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Less medicine, more health : 7 assumptions that drive too much medical care

by Welch, H. Gilbert.

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"Eat smart, exercise regularly, and get routine health screenings," the U.S. Department of Health and Human Services advises the public in maintaining a healthy lifestyle. And that is absolutely true - except for the checkup part. The American public has been sold the idea that seeking medical care... Full description

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Summary: "Eat smart, exercise regularly, and get routine health screenings," the U.S. Department of Health and Human Services advises the public in maintaining a healthy lifestyle. And that is absolutely true - except for the checkup part. The American public has been sold the idea that seeking medical care is one of the most important steps to maintain wellness. However, surprisingly, medical care is not in fact well correlated with good health. The major determinants of health are outside individual medical care. Dr. Gilbert Welch pushes against established wisdom, and suggests that medical care may be too aggressive. From his twenty-five years of medical practice and research, Welch explains that excessive medical care is often powered by economics and lawyers. But American medical care would not exist in this state if the general public did not harbor powerful assumptions about the value of tests and treatments - a number of which are just plain wrong."--Provided by publisher.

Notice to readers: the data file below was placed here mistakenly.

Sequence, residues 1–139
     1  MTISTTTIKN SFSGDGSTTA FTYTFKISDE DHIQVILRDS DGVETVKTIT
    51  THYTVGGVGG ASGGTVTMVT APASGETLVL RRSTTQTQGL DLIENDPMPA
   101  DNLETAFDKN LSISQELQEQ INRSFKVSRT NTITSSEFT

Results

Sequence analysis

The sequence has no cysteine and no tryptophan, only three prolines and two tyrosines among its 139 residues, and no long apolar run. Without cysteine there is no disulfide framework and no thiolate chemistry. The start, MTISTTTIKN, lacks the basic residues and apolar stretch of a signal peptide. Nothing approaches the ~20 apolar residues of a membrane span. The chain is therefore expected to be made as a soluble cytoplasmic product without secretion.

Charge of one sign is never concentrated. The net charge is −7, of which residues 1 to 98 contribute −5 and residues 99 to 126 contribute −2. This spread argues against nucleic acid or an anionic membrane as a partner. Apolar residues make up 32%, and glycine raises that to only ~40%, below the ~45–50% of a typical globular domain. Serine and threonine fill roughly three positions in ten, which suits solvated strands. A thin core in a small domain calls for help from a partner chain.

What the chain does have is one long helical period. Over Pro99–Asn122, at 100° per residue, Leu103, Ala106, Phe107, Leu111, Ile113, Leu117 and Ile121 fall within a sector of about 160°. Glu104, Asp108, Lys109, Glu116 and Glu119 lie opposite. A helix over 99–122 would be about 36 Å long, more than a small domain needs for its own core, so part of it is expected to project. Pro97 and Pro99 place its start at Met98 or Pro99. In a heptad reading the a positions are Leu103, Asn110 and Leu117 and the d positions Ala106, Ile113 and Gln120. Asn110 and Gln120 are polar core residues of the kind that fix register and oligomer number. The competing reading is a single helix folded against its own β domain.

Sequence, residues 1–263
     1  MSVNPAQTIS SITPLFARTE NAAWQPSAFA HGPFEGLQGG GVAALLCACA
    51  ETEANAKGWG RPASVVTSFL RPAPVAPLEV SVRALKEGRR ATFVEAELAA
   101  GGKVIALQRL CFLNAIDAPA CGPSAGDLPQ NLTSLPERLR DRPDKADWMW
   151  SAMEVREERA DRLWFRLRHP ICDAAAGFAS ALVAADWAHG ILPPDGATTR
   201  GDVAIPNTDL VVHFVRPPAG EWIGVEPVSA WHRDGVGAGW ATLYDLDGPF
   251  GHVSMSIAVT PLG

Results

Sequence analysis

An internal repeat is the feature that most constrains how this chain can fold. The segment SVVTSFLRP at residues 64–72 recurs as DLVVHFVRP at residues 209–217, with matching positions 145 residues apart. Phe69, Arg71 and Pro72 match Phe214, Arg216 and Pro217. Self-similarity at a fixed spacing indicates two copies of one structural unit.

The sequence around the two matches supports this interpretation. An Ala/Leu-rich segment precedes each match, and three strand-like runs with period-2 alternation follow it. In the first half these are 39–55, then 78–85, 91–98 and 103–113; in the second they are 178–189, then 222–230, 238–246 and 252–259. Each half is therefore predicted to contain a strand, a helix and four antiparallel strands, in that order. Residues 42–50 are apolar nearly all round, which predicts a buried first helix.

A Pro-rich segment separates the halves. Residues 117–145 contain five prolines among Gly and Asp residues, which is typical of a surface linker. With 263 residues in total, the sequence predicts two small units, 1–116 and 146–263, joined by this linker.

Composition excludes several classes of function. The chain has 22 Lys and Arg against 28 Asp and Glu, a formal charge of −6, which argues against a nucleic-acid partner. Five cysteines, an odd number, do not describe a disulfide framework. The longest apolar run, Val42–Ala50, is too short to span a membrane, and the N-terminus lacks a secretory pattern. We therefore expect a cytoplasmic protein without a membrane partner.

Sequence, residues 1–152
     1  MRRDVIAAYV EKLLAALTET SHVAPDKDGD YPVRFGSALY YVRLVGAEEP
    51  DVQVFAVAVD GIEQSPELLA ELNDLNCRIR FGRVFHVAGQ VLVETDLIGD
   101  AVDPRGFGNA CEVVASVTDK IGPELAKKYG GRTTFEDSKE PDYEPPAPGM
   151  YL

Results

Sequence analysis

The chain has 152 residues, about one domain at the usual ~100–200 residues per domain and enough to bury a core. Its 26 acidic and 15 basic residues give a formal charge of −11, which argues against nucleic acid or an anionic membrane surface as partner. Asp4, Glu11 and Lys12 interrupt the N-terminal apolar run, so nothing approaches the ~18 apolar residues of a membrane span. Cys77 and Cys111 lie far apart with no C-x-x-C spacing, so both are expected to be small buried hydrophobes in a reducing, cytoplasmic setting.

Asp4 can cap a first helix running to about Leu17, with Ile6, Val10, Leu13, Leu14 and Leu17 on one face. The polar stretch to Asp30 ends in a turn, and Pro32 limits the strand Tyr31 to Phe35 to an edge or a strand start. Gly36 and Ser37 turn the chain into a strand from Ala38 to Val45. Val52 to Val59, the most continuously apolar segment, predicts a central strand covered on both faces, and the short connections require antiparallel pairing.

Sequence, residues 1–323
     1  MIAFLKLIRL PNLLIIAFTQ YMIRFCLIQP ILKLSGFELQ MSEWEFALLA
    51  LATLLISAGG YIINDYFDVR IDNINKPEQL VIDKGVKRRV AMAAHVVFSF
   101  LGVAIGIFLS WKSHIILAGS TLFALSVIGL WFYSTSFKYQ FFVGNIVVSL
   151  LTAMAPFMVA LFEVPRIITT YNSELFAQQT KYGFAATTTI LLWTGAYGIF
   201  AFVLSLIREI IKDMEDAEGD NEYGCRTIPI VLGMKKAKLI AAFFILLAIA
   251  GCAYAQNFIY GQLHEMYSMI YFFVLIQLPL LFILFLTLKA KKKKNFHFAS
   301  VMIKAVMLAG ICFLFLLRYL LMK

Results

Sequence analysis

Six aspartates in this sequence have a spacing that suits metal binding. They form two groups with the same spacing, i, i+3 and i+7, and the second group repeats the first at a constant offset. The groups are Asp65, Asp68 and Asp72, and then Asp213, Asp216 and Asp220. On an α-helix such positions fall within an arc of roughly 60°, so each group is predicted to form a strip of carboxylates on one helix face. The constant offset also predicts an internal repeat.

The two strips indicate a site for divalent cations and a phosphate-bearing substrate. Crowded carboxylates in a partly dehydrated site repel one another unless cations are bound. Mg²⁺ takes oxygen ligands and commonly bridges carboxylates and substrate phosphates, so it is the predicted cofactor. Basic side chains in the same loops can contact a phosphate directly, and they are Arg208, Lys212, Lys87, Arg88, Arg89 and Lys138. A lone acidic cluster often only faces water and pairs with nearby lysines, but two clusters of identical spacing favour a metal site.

Physical Description: xxii, 218 pages ; 24 cm
Bibliography: Includes bibliographical references and index.
ISBN: 9780807071649 (hardback)
0807071641 (hardback)
Author Notes: Dr. H. Gilbert Welch is an academic physician, a professor at Dartmouth Medical School, and a nationally recognized expert on the effects of medical testing. He has been published in the Los Angeles Times , New York Times , Washington Post , and Wall Street Journal , and has appeared on Today . Dr. Welch is the author of three previous books, including the highly acclaimed Overdiagnosed. He lives in Thetford, Vermont.
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